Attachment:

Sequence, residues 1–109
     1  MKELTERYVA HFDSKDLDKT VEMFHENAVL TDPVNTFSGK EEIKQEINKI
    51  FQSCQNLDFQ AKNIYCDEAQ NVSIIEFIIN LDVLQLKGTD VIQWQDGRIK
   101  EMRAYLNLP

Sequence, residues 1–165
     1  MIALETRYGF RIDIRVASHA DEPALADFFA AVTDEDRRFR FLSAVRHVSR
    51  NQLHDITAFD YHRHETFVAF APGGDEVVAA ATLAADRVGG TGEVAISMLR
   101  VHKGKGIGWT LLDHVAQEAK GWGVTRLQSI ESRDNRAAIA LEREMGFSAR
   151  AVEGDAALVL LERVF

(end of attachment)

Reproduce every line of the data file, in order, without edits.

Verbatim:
Sequence, residues 1–109
     1  MKELTERYVA HFDSKDLDKT VEMFHENAVL TDPVNTFSGK EEIKQEINKI
    51  FQSCQNLDFQ AKNIYCDEAQ NVSIIEFIIN LDVLQLKGTD VIQWQDGRIK
   101  EMRAYLNLP

Sequence, residues 1–165
     1  MIALETRYGF RIDIRVASHA DEPALADFFA AVTDEDRRFR FLSAVRHVSR
    51  NQLHDITAFD YHRHETFVAF APGGDEVVAA ATLAADRVGG TGEVAISMLR
   101  VHKGKGIGWT LLDHVAQEAK GWGVTRLQSI ESRDNRAAIA LEREMGFSAR
   151  AVEGDAALVL LERVF